On the contrary, when white people adopt black styles they do this to be non-conformists. Their motivation is to be different, to be anti-establishment, to be special, to even be perceived as some kind of outlaws. Some have dreadlocks but have dirty hair. In their rasta style they are actually emphasizing stereotypes, prejudices and myths and are interpreting rasta as a bump style. Others might have big golden chains and diamond earrings but they interpret hip hop culture also in a stereotype way, ignoring the political and social conscious elements of hip hop and openly focus on the bling bling elements. They try to actually overcompensate their whiteness by stressing on a black myth, which makes them look ridiculous.

In this sense being black still means that you are by definition not normal, that you might be some kind of outlaw. Because of your physical appearance you are automatically set outside conformity and you should do some effort to fit in. Speaking the language and adapting to the local culture is not enough, you have to change the black body. Black styles and cultures will not help you to be considered normal you should adopt white styles, i.e. relax you hair, clear your skin and do not wear too flashy clothes. You even have to overcompensate your race by being cleaner and smarter than your white counterparts. The blacker you are, the more you should work on that.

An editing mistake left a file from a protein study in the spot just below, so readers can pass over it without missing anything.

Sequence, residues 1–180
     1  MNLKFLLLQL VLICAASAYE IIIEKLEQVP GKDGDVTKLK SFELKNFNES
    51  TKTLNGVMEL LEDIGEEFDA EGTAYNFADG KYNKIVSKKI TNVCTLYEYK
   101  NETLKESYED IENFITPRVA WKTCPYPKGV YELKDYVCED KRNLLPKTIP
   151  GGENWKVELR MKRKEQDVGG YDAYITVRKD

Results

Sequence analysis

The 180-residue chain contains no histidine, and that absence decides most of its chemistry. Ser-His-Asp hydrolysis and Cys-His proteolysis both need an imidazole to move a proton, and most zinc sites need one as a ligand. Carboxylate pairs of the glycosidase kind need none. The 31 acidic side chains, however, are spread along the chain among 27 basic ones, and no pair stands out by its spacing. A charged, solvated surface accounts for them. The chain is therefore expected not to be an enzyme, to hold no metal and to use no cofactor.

On the other hand, whites who want to be outside society just have to mimic black stereotypes, to mimic a black myth that isn’t even real but fits the prejudices. These white people are not even being like blacks, but they are making a buffoon version of blacks, exaggerate the difference by being dirty or overtly superficial and materialistic. Although most of white people who do imitate that style think of themselves as anti-racists, they are (mostly unconsciously) accentuating racism and keeping race as a social marker alive.




13 comments:

  1. This is a well thought-out opinion on this issue. i have to admit i had never given it much thought before. good observation!